Academic freedom in the former Soviet Union

This page is primarily devoted to documenting the ongoing assault on independent social science research centers in Russia. Several such institutions–the Levada Center polling agency being the best-known among them–have come under attack as part of the recent wave of repressive measures against Russian NGOs, a growing number of which are being accused of acting as “foreign agents.” Scroll down to learn about attacks on academic freedom in other post-Soviet countries, and for links to websites about Russian cases from previous years. Also consult my blog for updates.

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Multilingual

  1. Osteuropa‘s campaign web site in support of the Levada Center (in English, Russian, German, French, Italian, and Czech). Contains translations of a statement by Lev Gudkov, the Center’s director, and of the prosecutorial “warning,” as well as links to different language versions of the international petition.
  2. To access the petition directly, click here to sign the English, Russian, German, French, or Czech version.
  3. Facebook group “Support Levada Center and other Russian NGOs and research institutions”

In English

  1. Periodically Updated List of Nongovernmental Organizations Victimized under the “Foreign Agents” Law (Human Rights Watch)
  2. A New York Times article on the case of the Levada Center.
  3. Kevin Rothrock’s summary of Russian online debates about the situation
  4. Olga Zeveleva about the attack on the Levada Center and why you should care

In Russian

  1. Periodically Updated List of Nongovernmental Organizations Victimized under the “Foreign Agents” Law (article20.org)
  2. Social scientists’ petition in support of the Levada Center and other social science NGOs, initiated by Alexander Chepurenko, dean of sociology at the Higher School of Economics. Sign it here.
  3. The News section on the Levada Center’s website, with updates on the situation and statements of support.
  4. Boris Dubin, Lev Gudkov, and Alexei Levinson in a TV Rain news item by Ekaterina Aliabieva and anchored by Leonid Parfenov (May 27, 2013)
  5. Comments by Vladimir Yadov on the threats to Russian sociology (May 27, 2013)
  6. Open letter by Saint Petersburg sociologists in support of research NGOs (May 27, 2013)
  7. Lev Gudkov in a TV Rain interview with Mikhail Fishman (May 25, 2013)
  8. Lev Gudkov interviewed by kasparov.ru (May 24, 2013)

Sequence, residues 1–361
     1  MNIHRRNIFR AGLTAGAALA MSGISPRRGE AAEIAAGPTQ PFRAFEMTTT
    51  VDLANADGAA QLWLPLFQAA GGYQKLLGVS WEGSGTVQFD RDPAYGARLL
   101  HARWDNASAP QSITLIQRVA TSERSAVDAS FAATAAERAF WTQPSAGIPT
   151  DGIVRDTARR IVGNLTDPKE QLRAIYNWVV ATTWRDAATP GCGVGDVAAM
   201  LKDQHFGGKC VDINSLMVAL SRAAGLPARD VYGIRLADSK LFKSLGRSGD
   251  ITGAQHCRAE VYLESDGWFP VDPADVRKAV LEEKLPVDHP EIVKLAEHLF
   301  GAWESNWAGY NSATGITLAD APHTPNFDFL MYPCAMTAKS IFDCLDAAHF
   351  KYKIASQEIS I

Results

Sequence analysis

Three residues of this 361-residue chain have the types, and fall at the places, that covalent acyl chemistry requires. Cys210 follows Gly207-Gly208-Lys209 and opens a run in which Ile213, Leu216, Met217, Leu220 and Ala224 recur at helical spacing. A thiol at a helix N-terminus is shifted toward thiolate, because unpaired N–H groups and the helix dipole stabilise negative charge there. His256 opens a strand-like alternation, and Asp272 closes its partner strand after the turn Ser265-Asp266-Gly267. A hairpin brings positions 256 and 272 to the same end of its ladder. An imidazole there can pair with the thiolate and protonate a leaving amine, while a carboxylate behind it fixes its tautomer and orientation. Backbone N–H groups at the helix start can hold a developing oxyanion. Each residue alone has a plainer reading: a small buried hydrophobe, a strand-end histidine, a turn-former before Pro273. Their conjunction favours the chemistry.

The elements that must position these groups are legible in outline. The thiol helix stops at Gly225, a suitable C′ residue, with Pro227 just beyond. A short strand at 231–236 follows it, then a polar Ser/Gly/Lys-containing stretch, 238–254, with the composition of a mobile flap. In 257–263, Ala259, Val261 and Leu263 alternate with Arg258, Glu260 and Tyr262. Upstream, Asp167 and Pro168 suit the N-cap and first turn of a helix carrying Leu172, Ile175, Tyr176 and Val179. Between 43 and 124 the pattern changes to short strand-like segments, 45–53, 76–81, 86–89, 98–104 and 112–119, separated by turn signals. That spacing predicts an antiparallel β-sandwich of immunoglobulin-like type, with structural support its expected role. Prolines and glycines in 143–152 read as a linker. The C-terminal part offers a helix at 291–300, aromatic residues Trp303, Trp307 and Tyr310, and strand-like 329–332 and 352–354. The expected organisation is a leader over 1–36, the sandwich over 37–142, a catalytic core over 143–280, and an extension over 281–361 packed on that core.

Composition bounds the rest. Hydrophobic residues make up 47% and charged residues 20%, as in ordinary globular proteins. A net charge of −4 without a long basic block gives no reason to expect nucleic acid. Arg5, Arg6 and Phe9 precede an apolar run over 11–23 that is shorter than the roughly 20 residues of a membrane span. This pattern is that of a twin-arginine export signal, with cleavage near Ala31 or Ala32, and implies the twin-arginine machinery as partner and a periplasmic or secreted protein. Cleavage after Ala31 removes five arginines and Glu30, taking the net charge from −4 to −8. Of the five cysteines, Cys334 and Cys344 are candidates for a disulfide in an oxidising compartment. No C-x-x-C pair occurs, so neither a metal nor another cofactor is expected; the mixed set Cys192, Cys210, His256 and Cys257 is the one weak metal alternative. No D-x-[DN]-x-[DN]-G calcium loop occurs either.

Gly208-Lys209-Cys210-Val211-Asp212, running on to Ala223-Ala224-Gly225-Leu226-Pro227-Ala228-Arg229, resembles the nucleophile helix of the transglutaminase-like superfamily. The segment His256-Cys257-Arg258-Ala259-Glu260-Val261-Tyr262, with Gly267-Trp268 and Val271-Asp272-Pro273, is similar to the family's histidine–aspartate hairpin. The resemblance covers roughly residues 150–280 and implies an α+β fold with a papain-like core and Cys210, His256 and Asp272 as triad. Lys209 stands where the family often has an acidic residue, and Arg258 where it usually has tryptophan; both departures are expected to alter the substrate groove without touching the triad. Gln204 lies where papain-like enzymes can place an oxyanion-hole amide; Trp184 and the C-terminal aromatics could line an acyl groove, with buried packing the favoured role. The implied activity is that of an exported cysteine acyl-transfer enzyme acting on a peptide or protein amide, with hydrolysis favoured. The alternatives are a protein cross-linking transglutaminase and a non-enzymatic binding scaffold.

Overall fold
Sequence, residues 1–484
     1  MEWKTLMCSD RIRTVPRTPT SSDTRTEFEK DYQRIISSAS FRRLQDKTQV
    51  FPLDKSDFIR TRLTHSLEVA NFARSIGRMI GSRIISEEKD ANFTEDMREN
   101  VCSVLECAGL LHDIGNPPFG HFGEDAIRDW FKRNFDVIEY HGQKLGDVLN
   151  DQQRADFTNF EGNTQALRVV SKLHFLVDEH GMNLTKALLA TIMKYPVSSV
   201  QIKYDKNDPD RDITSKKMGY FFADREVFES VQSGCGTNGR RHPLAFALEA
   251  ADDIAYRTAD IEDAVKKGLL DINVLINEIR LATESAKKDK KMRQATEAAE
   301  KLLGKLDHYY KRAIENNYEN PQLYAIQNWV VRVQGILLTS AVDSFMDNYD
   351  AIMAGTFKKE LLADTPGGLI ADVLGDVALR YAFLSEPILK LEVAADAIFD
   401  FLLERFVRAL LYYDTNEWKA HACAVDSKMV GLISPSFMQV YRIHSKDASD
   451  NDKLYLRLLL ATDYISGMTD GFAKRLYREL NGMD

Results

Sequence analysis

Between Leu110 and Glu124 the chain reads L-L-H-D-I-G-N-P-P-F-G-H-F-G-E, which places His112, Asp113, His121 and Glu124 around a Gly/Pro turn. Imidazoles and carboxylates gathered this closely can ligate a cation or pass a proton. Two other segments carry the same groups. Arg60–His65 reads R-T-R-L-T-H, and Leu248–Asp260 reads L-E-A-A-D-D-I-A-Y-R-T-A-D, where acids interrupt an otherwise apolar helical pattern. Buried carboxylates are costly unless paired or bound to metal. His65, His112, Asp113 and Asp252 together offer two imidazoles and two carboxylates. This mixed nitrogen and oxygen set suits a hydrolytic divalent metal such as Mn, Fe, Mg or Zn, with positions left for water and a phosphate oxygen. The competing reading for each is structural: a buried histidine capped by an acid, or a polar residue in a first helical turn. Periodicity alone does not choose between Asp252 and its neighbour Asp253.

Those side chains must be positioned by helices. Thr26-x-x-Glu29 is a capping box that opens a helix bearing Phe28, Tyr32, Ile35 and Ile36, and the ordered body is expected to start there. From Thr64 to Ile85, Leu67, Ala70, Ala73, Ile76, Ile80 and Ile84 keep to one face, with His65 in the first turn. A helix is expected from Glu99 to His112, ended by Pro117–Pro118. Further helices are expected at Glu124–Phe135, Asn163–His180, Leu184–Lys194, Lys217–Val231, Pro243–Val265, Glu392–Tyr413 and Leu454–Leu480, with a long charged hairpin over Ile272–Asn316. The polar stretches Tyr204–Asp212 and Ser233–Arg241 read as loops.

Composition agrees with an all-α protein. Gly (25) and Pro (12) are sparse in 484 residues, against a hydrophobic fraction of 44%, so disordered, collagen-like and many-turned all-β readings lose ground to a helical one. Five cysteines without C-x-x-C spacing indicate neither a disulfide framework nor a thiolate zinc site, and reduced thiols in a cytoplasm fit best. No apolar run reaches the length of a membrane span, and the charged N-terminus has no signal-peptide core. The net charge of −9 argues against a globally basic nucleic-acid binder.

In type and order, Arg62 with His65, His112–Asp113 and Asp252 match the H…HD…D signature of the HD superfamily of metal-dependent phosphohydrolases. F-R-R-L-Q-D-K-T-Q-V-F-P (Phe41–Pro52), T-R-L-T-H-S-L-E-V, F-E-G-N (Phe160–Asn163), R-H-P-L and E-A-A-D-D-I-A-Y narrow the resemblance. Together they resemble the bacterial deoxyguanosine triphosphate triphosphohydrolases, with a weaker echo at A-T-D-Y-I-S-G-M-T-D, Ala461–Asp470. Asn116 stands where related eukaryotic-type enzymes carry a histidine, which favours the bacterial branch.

9. Declaration of support by the OIROM, the Russian Association for Market and Opinion Research. (May 23, 2013)
  10. Podcast of a radio interview with sociologists Maria Matskevich, Viktor Voronkov, and Alexandra Dmitrieva, about the attack on the Levada Center and what it means for the future of sociological research in Russia (May 23, 2013). Here it is in embedded format:
  11. Novaya Gazeta article about the attack on the Levada Center (May 22, 2013)
  12. Statement of support by the Kiev International Institute of Sociology. (May 22, 2013)
  13. Lev Gudkov interviewed by Novaya Gazeta (May 21, 2013)
  14. Vladimir Magun about the attack on the Levada Center (May 20, 2013)
  15. Lev Gudkov interviewed by Kommersant FM (May 20, 2013)

In German

  1. Michael Ludwig, Die Erforschung der Idiotie, FAZ, 27.5.2013
  2. Frank Nienhuysen, Warnung an die Forscher, SZ, 25.5.2013

 

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*** New links (in Georgian only):
Facebook page Students for Academic Freedom, Tbilisi/Georgia, and their public discussion page. (Thanks to Maya Razmadze for the links.) ***

 

Unfortunately, academic freedom in Russia and a number of neighboring countries is under threat from repressive state initiatives and, in a number of cases, corrupt academic administrators. This includes post-Soviet countries such as the EU member state of Latvia, where the secret services have lobbied to be granted a veto right on any academic research on national security grounds.

This page will feature links to sites that document such attacks. In the meantime, I am re-posting a number of links that I collected while working on my 2008 blog, “Save the European University at Saint Petersburg” (the blog also features a large collection of links to pages directly related to the attack on that university).

For global context, please consult the International Sociological Association’s blog “Universities in Crisis“.